The present invention is a cost-effective plastic composition of matter which deteriorates in the environment by a dual mechanism. After initial sunlight exposure (photodegradation) the blend will undergo biodeterioration after disposal in soil, sewage etc. Thus, in the present invention, both ultraviolet radiation and microorganisms are useful as agents. Blends of relatively inexpensive polypropylene, PHBV or PHB and a transition metal stearate will lower resin cost compared to PHBV or PHB alone. In particular, it has been discovered that PHBV/PP blends or PHB/PP blends containing a transition metal stearate have enhanced biodeterioration characteristics. Particularly desirable results were obtained when the blend was exposed to ultraviolet light, and then subjected to microbial attack.
The polypropylene polymers which may be employed in the process of the present invention may include homo and copolymers. The propylene copolmyers may be copolymers of propylene with ethylene.
The new polypropylene blends contain the random copolymer poly(3-hydroxybutyrate-3-hydroxyvalerate). The amount of hydroxyvalerate comonomer can vary from 0 to about 30% by weight. The higher hydroxyvalerate contents give a polymer which has a lower melting point and is consequently more easily processed. The hydroxyvalerate content is not critical and does not significantly affect the degradability of the polymer. However, lower hydroxyvalerate content polymers are generally higher melting and are difficult to process. Poly(3-hydroxybutyrate) (0% hydroxyvalerate) is also contemplated. The preferred range of hydroxyvalerate concentrations in the copolymer is between 15% and 25% by weight.
The transition metal stearate useful in the present blends is selected from the group consisting of ferric tristearate and cerium tristearate.
The above identified transition metal stearates cause photodegradation of polyolefins. However, it is important to note that there are some exceptions to the notion that all transition metal stearates cause photodegradation e.g., copper stearate actually enhances the photostability of polypropylene and high density polyethylene, see Osawa et al, Polymer Degradation and Stability, 11, 63 (1985).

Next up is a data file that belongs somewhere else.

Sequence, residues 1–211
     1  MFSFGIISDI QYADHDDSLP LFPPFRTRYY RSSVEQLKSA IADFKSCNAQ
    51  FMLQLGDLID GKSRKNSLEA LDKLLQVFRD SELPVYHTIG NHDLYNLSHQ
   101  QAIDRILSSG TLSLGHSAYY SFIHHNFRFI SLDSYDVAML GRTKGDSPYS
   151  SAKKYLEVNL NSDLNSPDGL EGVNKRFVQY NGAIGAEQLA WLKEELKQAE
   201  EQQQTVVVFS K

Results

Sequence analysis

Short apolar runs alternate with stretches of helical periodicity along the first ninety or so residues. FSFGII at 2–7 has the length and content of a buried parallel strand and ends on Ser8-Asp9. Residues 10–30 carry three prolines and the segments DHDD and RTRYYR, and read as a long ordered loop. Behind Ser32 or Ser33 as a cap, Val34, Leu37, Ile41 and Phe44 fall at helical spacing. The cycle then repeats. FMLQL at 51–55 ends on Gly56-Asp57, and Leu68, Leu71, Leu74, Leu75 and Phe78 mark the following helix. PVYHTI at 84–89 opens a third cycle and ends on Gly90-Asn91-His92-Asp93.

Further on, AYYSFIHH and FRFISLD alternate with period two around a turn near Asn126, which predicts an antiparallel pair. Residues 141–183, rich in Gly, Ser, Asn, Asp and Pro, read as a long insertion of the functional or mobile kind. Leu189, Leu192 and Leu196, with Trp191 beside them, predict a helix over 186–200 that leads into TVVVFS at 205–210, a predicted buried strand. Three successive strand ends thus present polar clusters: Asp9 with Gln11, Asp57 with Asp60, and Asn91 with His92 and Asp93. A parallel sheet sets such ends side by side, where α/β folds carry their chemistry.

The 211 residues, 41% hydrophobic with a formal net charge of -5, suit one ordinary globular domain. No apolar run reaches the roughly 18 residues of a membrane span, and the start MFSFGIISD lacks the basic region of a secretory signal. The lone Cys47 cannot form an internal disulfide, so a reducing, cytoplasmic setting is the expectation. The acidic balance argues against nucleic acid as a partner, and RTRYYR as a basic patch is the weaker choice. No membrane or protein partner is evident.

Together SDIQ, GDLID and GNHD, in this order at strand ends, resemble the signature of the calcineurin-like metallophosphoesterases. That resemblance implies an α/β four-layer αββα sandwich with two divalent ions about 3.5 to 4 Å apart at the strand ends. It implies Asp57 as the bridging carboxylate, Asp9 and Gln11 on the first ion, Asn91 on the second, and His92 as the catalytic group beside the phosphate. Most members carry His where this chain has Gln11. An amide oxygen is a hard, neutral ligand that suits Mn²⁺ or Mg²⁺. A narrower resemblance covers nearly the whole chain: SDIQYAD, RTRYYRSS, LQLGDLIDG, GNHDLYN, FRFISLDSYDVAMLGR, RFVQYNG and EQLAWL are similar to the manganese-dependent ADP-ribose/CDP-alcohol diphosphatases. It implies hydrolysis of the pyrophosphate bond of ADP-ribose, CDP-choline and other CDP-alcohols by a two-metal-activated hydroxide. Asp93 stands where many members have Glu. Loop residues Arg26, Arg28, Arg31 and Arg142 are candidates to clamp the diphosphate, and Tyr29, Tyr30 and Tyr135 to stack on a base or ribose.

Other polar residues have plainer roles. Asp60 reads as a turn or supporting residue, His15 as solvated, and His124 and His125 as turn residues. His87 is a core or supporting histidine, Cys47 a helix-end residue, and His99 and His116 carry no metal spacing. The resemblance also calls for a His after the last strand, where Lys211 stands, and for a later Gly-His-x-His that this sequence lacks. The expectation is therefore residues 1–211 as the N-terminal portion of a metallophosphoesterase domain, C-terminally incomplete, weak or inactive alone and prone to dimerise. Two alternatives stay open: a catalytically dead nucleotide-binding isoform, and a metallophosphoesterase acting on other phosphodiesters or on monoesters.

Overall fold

The blends may be compounded using conventional blenders, e.g. extruders.
The novel polymer blends of this invention can be fabricated into commercially useful articles, e.g. film, fiber, blow-molded bottles, injection molded articles, etc. These articles will undergo photodegradation when exposed to sunlight and consequently would be substantially more susceptible to biodegradation after disposal in a landfill.
The PHBV copolymer used contained 19% hydroxyvalerate.
The composition in parts by weight of the blends tested was as follows:
TABLE I______________________________________BLEND COMPOSITION Blend Blend Blend Blend Blend Blend #1 #2 #3 #4 #5 #6______________________________________PP 50 50 50 100 100 100homopolymerPHBV 50 50 50 -- -- --Ferric -- 1 -- -- 1 --tristearateCerium -- -- 1 -- -- 1tristearateEthanox 398 0.02 0.02 0.02 0.02 0.02 0.02______________________________________
The additive-free isotactic polypropylene homopolymer is available from Shell Chemical Company and had a melt flow rate of 12 gm/10 minutes by ASTM D-1238 Condition L. The other additive concentrations are expressed as parts per 100 parts of the total polymer blend, which was 50:50 (by weight) PP/PHBV. Ethanox 398 is 2,2'-ethylidene bis (4,6-di-tertiary-butyl phenyl) fluorophosphonite, a melt processing stabilizer.